Every 17 minutes, someone in the United States attempts suicide; each day approximately 86 of them will succeed. Some statistics estimate that suicide will claim over a million lives across the globe each year. In our country suicide is the second leading cause of death among people between the ages of 15-24 and the tenth among all age groups.
Today is World Suicide Prevention Day. It is important for Christians to discuss the vicious killer that is making its way through our communities at an alarming rate. It’s important for us to consider what we’re doing to help those around us who might be silently fighting for their own lives. It’s important for us to open dialogue, to begin conversations, about how we can bring the gospel of hope into the despair wrought by mental illness.
So here’s four practical ways we can help prevent suicide in our communities:
1) Ask Sincere Questions
Sincerity takes time and intentionality; it cannot be scheduled or rehearsed. When we interact with people, when we ask “how’s your family?” or “how was your weekend?” if we really care, then we need to ask with the space to hear them say: “Not too good actually, I spent the whole weekend crying” or “My family is going through a really rough time and I’m really struggling to see a way out of this.”
We need to ask sincere questions and take the time to wait for real answers. Everything happens so fast. We walk by tens, hundreds possibly thousands of people each day. How many of them do we interact with, actually listen too? We need to make a habit of putting away our phones, forgetting our agendas, looking people in the eye and asking: “how are you?”. Then we need to wait for the answer.
Because unless we allow the time and space for conversation, for openness, we create communities where despair goes unnoticed, where hurt is greeted by silence and pain is dealt with alone.
2) Don’t Make A Mockery Of Suicide
It’s alarming how often we resort to saying things like “the traffic was so bad I wanted to kill myself!” or making the motion of putting a gun to our head and blowing our brains out when discussing a recent exam, conversation with an ex, or perhaps the latest sports game. But these gestures and expressions make light of something that is a serious issue for many people around us.
There are ways to express our frustration with work, our hatred for hearing Ke$ha on the radio and how bad our Monday morning went beyond mockingly tying a noose around our necks and pulling it tight. This not only discourages open discussion for those who are struggling with suicidal thoughts but also makes the topic of suicide itself a joke.
When someone is struggling with the idea of suicide and sees another person joking about it, this closes doors for conversation and openness. Furthermore, as the number of suicides increases, the number of families and friends whose lives have been ravaged by the suicide of a loved one is also increasing. Joking about suicide trivializes a struggle many people around us are experiencing without us realizing it.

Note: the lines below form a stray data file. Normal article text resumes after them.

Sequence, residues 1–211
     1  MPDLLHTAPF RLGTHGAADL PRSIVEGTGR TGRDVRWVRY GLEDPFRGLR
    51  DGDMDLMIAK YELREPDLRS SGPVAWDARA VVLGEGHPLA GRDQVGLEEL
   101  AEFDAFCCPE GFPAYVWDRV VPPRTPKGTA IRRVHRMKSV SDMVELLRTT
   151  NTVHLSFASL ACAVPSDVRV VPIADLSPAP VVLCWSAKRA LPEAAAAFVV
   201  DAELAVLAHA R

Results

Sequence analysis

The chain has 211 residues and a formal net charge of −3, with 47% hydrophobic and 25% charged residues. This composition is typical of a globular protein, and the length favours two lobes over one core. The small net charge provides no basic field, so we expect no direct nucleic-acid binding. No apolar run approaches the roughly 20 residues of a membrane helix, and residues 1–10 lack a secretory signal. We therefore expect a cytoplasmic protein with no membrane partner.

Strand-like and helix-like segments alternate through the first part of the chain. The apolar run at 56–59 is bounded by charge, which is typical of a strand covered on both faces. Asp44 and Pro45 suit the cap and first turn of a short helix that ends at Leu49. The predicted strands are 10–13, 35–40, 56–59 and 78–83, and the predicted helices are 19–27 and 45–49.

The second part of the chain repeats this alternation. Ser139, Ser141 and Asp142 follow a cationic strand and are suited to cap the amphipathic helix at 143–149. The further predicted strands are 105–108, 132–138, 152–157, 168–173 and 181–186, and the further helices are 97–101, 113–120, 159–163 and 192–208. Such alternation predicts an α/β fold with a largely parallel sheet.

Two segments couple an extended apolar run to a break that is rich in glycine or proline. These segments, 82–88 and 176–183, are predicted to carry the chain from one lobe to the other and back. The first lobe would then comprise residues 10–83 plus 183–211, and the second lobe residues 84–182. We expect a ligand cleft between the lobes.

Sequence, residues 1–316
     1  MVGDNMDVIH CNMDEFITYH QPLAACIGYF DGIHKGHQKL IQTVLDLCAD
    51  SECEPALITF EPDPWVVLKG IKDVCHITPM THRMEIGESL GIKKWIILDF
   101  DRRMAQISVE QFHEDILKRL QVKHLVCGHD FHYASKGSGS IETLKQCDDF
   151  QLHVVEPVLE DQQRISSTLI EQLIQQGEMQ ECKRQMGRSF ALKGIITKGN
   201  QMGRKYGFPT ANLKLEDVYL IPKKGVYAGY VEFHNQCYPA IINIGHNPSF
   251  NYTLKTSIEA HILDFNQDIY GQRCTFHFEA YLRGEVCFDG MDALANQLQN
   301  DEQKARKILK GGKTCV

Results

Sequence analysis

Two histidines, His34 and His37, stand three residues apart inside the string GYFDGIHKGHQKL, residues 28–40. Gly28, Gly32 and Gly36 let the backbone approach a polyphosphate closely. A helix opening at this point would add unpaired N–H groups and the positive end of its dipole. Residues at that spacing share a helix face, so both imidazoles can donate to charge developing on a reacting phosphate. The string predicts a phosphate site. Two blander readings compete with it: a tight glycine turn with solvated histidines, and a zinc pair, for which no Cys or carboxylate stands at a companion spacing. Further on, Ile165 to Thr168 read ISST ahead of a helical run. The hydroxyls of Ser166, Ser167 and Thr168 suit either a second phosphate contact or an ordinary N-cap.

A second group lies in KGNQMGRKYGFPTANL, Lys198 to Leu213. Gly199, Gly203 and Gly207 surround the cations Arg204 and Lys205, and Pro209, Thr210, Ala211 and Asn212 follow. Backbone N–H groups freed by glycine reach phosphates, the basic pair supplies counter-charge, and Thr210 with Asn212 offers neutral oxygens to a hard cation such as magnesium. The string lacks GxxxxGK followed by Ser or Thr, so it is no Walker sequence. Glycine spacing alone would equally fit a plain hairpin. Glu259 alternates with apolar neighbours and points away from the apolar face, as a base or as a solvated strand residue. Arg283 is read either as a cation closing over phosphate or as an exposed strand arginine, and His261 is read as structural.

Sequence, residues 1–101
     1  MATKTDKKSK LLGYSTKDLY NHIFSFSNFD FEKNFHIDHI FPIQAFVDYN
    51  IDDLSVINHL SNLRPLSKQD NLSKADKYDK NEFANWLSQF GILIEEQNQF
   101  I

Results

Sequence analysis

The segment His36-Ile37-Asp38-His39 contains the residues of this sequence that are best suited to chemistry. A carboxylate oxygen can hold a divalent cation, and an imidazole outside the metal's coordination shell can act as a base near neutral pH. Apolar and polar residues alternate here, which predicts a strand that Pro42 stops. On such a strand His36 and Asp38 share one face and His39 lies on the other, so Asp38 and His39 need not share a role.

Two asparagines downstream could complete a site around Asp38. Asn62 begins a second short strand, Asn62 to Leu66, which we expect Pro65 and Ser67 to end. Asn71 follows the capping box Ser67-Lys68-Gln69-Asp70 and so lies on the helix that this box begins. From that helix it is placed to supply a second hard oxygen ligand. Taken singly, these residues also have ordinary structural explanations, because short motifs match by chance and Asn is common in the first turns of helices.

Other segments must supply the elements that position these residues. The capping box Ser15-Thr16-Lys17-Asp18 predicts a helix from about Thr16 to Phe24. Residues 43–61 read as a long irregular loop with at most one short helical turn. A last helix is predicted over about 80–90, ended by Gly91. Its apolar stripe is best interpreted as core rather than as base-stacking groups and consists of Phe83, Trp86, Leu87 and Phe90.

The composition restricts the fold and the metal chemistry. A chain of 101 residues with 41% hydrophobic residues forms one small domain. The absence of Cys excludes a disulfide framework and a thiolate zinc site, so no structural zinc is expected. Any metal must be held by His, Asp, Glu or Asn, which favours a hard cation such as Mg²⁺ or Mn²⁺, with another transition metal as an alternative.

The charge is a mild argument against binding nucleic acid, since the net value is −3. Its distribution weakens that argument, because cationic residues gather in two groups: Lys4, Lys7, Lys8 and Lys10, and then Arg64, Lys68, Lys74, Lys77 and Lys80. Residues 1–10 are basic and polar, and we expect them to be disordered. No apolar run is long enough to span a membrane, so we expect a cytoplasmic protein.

We shouldn’t make a mockery of suicide, we should take a stand against it.
3) Don’t Trivialize Depression
Thanks to increased medical research, one aspect of suicide and depression that is becoming increasingly clear is that mental illness is just that: an illness.
Depression is not something you can just “snap out of” anymore than you can up and decide to be healed from cancer. And it’s certainly not something that’s just spiritual; there are often emotional and physical aspects that are well beyond anyone’s control. You can’t just take a pill and be better; you can’t just pray and be healed.
What is painful and destructive to the prevention of suicide is an attitude of “well, if you’d only try harder/didn’t take things so personally/weren’t so serious/cared about others/had more faith… then you’d be okay.” This attitude trivializes real pain and can close someone off from feeling safe enough to get the help they need.
If you know someone struggling with depression and you’re not sure what to say, then just stick with: “how can I help?”
As long as you mean it.
4) Understand That Suicide Does Not End The Pain, It Just Passes It On
If you are personally struggling with thoughts of depression or suicide, the first thing you need to hear is this: I am so sorry for the pain you are experiencing. Even though I’m just some random blogger from behind a computer screen, I’m truly sorry.
But suicide will not end that pain. It will simply pass the pain on to those who love you, who will be left behind when you are gone. Even worse, it magnifies it.
I say this not to guilt you, but to remind you of the truth: suicide is not the answer. If you are struggling with thoughts of suicide, if ending your life is something you are considering, then you need to know that there are healthy ways to cope with the pain. There’s help out there, there are people who are care. You may feel trapped right now, you may feel abandoned, hurt, alone, and hopeless– but you’re not.
What’s more is there is an end to the pain, though not in this life; it’s in the hope of a life to come. And this hope is not a coping mechanism for people who simply cannot get by. Rather, it’s a shining light at the end of the tunnel for those who recognize that this life is beautiful, terrible, horrible, wonderful, shitty, brilliant and awful all at the same time.
Though the pain might not end in this life, I beg you not to end this life yourself. I beg you to find people who will help you. Then, when you’re ready, turn around and help others. Because through this we can all find the brilliant and beautiful that is out there; we can all find hope.
Through this we can all prevent suicide and preserve hope for the eternal tomorrow that will one day come.
Resources for Suicide Prevention: